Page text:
Vanilla Bean & Dulce de Leche Panna Cotta with Florentines…
Romantic comedies and I have a love/hate relationship.
You’re either A… Feeling sorry for yourself, so you go solo, thinking its gonna cheer you up to indulge in escapism and live vicariously through Reese Whitherspoon and What Ever That Guy’s Name Is.
That generally goes as badly as you kinda knew it would. You see Reese’s life is just as crappy as you perceive yours to be.
Only her’s gets turned around by Mr Perfect What Ever That Guy’s Name Is and yours just punches you in the face as you stumble out of a dark movie theatre.
Or B… You are truly as happy as ever, out on a date with your guy to a romantic movie and it. just. kills the mood. Bring on the comparisons.
“I wish life would turn out for me that way just once”
“Why doesn’t he do that for me?”
“And why isn’t he down on one knee right now?”
Why not? Because they are acting. They are actors and it’s not real and they are up there on the screen coz they get paid a lot of money so that sad and pathetic people can live vicariously through them. (Obviously not me…)
But seriously, we all have times when we get sad and pathetic about things. My advice? Just don’t let yourself go there. (I mean the sad and pathetic place, not the movie) They are acting. Your life is real. And it’s yours and it’s unique and it shouldn’t be determined by a stereotype.
Don’t get me wrong, stereotypical romance is nice sometimes, but it’s so much pressure. Don’t strangle your relationship with expectations. Take time to see the good instead of just the bad. And enjoy each other.
What does that have to do with Panna Cotta? Well, it is a romantic dessert… oh heck, I don’t know. But it is Daring Bakers and it is February. So a fitting topic.
We may all be in different minds when it comes to love, but Panna Cotta is something I’m sure we all agree on.
The February 2011 Daring Bakers’ challenge was hosted by Mallory from A Sofa in the Kitchen. She chose to challenge everyone to make Panna Cotta from a Giada De Laurentiis recipe and Nestle Florentine Cookies.
This is a seriously good Panna Cotta recipe. Truth. Thanks Mallory!
Note: due to my tweaking the dulce de leche part of the panna cotta is not unmoldable. Best served in a glass.
- 1 cup (240 ml) whole milk
- 1 tablespoon (one packet) (15 ml) (7 gm) (¼ oz) unflavored powdered gelatin (My 1 tablespoon turned out to weigh 12 g but I used it to up the gelatin content.)
- 3 cups (720 ml) whipping cream (30+% butterfat)
- 1/3 cup (80 ml) honey
- 1 tablespoon (15 ml) (15 gm) (½ oz) granulated sugar
- pinch of salt
- seeds of 1 vanilla pod
- 1 cup dulce de leche
Pour the milk into a bowl or pot and sprinkle gelatin evenly and thinly over the milk (make sure the bowl/pot is cold by placing the bowl/pot in the refrigerator for a few minutes before you start making the Panna Cotta). Let stand for 5 minutes to soften the gelatin.
Pour the milk into the saucepan/pot and place over medium heat on the stove. Heat this mixture until it is hot, but not boiling, about five minutes. (I whisk it a few times at this stage).
Next, add the cream, honey, sugar, and pinch of salt. Making sure the mixture doesn’t boil, continue to heat and stir occasionally until the sugar and honey have dissolved 5-7 minutes.
Take out 2 1/2 cups of the liquid and place in a medium bowl. Stir the vanilla seeds into this mixture and set aside.
Add dulce de leche to the remaining liquid and heat over low heat, stirring constantly until combined.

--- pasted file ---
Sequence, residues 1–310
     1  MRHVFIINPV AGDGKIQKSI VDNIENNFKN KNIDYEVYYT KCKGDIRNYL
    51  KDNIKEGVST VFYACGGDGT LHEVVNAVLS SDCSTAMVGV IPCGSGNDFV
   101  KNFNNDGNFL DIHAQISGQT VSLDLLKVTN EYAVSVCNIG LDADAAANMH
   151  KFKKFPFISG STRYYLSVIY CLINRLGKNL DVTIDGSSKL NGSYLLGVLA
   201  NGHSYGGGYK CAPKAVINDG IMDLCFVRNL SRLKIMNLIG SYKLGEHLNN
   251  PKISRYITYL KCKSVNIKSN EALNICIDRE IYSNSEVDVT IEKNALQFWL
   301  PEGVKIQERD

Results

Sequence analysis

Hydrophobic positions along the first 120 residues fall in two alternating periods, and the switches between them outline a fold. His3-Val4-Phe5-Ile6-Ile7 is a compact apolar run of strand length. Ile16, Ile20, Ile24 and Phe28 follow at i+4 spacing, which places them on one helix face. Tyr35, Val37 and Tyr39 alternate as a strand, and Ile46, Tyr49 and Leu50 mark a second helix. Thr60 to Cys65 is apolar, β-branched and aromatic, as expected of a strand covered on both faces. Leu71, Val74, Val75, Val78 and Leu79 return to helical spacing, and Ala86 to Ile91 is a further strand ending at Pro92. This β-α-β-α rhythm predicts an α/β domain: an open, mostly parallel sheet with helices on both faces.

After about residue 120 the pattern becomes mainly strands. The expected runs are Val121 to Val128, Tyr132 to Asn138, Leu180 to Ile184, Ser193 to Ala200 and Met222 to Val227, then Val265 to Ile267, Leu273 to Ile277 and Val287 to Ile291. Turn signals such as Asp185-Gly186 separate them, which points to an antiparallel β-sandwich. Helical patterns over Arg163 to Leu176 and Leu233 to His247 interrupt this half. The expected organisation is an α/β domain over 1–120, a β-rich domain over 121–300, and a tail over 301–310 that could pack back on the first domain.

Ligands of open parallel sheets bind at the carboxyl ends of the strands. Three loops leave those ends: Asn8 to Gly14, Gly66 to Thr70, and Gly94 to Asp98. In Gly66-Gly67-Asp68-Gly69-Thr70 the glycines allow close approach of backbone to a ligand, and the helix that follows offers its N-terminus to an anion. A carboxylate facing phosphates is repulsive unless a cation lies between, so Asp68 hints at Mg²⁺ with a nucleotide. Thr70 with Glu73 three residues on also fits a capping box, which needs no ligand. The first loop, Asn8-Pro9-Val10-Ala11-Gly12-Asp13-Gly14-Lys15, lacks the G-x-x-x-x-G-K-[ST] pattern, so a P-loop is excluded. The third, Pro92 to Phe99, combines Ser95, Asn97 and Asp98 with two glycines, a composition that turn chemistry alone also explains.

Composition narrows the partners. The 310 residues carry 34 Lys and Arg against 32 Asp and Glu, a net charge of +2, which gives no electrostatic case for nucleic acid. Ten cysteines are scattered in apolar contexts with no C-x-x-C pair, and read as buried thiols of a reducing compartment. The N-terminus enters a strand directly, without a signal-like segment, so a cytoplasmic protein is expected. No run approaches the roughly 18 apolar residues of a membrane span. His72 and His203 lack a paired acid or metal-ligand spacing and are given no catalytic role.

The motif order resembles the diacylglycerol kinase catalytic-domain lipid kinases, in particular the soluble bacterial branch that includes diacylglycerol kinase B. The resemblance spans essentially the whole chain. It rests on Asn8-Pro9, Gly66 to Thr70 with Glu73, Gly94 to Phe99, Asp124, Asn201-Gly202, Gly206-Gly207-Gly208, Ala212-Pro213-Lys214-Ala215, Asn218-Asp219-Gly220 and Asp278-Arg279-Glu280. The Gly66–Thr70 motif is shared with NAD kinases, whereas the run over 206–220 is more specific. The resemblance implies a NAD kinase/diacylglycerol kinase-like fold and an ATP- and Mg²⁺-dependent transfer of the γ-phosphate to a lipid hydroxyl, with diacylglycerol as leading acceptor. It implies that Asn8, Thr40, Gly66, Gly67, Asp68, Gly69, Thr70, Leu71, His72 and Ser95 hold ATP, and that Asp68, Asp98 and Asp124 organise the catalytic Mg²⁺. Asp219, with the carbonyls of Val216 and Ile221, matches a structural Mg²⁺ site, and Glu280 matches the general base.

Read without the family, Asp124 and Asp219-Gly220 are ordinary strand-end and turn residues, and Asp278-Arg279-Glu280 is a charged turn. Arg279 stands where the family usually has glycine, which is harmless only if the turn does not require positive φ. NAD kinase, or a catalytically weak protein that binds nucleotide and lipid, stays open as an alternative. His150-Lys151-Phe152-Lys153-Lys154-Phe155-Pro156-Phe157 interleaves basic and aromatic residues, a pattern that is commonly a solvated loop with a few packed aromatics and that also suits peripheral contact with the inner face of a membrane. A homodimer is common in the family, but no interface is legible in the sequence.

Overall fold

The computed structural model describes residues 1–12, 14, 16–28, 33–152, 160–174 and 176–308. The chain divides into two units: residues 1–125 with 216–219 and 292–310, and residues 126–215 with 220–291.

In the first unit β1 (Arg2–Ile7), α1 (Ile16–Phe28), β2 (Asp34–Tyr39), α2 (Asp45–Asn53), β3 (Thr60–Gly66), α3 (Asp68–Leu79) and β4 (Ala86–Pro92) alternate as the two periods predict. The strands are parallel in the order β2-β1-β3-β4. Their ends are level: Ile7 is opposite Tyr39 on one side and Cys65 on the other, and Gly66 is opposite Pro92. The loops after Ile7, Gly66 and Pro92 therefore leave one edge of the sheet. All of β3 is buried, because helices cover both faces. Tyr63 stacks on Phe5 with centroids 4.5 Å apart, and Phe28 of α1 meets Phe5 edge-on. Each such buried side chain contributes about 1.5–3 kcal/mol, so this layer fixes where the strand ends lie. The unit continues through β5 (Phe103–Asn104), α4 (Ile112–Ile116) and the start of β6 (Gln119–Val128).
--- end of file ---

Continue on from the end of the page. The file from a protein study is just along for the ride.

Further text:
Remove from heat, allow it to sit for a few minutes to cool slightly.
You now have two parts that you can use to layer.
Allow the mixtures to cool slightly before pouring into glasses to prevent separation during chilling. Allow the first layer to set before pouring the second layer on top.
To get the tilted effect, place the glass, tilted, inside another glass, using it as a holder.
Refrigerate at least 6 hours or overnight. Add garnishes and serve.
NB: Not gluten-free! due to the fact that I couldn’t find gluten-free oats.
- 2/3 cup (160 ml) (150 gm) (5.3 oz) unsalted butter
- 2 cups (480 ml) (160 gm) (5 2/3 oz) quick oats
- 1 cup (240 ml) (230 gm) (8 oz) granulated sugar
- 2/3 cup (160 ml) (95 gm) (3⅓ oz) plain (all purpose) flour
- 1/4 cup (60 ml) dark corn syrup
- 1/4 cup (60 ml) whole milk
- 1 tsp (5 ml) vanilla extract
- pinch of salt
- 1½ cups (360 ml) (250 gm) (9 oz) dark or milk chocolate
Preheat oven to moderately hot 375°F (190°C) (gas mark 5). Prepare your baking sheet with silpat or parchment paper.
Melt butter in a medium saucepan, then remove from the heat.
To the melted butter add oats, sugar, flour, corn syrup, milk, vanilla, and salt. Mix well. Drop a tablespoon full, three inches (75 mm) apart, onto your prepared baking sheet. Flatten slightly with the back of your tablespoon, or use a spatula.
Bake in preheated oven for 6-8 minutes, until cookies are golden brown. Cool completely on the baking sheets.
While the cookies are cooling melt your chocolate until smooth either in the microwave (1 1/2 minutes), or stovetop (in a double boiler, or a bowl that fits atop a saucepan filled with a bit of water, being sure the water doesn’t touch the bottom of the bowl).
Peel the cookies from the silpat or parchment and place face down on a wire rack set over a sheet of wax/parchment paper (to keep counters clean).
Spread a tablespoon of chocolate on the bottom/flat side of your cookie, sandwiching another (flat end) cookie atop the chocolate.
This recipe will make about 2 1/2 – 3 dozen sandwiched Florentine cookies. You can also choose not to sandwich yours, in which case, drizzle the tops with chocolate (over your wax paper).